A product roadmap is an action plan or vision for a product through time – it lays out an overall business goal and the steps it will take to evolve your product toward that goal over time. The process of creating a product roadmap is called road mapping.
How Do You Create a Product Roadmap?
Product roadmaps come in a variety of formats, with the approach you take varying based on the needs and development approach of each organization.
Product Roadmap Approaches: Waterfall vs Agile
The type of roadmap created will follow the type of software development methodology being followed. The two most common methodologies are:
1. Waterfall Development
Waterfall methodology focuses on creating a product strategy and following linear, sequential steps that execute on that original plan.
In this approach, a product roadmap is very clear: create a design, define features, and put together a detailed plan that moves through stages of development and testing until the product is complete over a period of weeks, months, or even years. The project roadmap is precise, clean, and easy to manage because it is well defined and does not change.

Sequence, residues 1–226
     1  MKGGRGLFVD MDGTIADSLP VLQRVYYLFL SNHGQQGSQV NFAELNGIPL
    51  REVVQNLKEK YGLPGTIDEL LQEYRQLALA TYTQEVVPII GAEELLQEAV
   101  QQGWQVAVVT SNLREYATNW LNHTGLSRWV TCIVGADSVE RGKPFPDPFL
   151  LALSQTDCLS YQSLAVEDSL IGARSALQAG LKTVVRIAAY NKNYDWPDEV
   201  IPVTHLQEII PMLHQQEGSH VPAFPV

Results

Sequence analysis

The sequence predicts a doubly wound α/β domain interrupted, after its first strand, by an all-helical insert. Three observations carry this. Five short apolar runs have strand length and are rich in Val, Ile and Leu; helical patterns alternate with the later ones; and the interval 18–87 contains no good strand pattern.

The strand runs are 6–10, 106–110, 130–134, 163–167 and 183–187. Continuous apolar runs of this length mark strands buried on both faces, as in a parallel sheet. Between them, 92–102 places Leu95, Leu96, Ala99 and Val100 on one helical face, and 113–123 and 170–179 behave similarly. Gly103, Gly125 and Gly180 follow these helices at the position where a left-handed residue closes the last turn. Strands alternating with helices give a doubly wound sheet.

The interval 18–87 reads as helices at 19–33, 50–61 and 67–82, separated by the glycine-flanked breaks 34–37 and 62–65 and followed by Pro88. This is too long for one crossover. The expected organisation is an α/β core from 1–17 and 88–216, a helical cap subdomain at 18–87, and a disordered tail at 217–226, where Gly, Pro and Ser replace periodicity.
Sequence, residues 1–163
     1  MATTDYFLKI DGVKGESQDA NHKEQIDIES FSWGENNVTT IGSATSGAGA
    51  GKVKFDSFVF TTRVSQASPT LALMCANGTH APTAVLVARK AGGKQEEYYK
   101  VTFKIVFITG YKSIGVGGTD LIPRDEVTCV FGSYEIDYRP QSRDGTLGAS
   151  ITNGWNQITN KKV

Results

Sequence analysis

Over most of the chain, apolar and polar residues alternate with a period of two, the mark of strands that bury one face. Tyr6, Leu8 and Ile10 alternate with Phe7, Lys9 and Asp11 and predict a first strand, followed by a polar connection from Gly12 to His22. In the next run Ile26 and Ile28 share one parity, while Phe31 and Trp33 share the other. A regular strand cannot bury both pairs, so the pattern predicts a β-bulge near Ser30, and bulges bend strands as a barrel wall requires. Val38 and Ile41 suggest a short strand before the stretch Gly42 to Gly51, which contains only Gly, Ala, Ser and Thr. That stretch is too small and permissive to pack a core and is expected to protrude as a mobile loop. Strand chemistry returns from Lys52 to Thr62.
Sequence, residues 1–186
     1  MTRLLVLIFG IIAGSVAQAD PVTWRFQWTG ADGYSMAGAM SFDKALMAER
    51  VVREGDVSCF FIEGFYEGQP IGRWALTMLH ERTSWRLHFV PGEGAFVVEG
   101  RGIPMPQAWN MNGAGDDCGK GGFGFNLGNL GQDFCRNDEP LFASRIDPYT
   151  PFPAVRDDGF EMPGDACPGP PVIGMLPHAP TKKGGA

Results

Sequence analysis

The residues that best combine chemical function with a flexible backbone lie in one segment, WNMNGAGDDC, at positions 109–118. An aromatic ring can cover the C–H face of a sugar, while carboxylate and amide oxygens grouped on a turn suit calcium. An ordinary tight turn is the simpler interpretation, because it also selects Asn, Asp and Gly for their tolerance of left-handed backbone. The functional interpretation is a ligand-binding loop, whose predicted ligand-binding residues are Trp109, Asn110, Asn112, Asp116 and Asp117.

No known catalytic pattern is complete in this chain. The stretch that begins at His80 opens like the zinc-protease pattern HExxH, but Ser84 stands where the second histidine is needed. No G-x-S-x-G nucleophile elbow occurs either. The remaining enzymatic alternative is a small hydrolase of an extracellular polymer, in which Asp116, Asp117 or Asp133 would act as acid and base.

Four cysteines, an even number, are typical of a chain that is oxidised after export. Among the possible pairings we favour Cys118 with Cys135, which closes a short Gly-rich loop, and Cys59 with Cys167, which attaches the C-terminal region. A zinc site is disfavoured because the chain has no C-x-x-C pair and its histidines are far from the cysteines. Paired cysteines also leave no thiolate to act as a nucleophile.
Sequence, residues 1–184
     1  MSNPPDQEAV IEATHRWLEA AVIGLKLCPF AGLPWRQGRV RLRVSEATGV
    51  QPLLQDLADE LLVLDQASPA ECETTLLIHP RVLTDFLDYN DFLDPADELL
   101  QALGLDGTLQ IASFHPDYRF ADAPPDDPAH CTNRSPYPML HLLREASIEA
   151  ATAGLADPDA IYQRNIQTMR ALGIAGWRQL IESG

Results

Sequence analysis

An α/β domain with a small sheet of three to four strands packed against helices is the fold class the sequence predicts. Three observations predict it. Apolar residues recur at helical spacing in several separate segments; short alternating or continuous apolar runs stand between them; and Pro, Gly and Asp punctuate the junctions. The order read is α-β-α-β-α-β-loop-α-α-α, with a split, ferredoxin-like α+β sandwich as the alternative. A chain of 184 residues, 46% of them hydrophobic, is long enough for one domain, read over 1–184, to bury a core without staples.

2. Agile Development
Agile development follows an interactive and incremental method to align the final product with its desired outcome. Rather than defining the product based on its set of technical requirements, Agile looks at “user stories,” a non-technical way to define the product and its goal. Agile allows for the scope of requirements to change, with continuous testing allowing the shape of the project to change and evolve over time.
An Agile product roadmap creates a plan of action that organizes features into abbreviated work cycles known as “Sprints,” working toward product increments and the collective product backlog. Due to the nature of continuous testing and feedback, the product backlog will evolve and change over time. Agile prioritizes speed and flexibility, so most projects have up to 5 sprints of approximately 2.4 weeks each.
|Market||Stable, mature||Dynamic, young|
|Horizon||Long-term projects||Short-term projects|
|Planning||Linear & sequential||Incremental & iterative|
|Testing||At the end||Concurrent|
|Road mapping||Communicates a plan||Communicates a strategy|
Product Roadmap Checklist
In order to better understand the strategic product roadmap process, here’s an overview of how to create a product roadmap for the Agile development methodology.
Step 1: Define Your Strategy
In this first step of the product road mapping process is to define the why behind your project.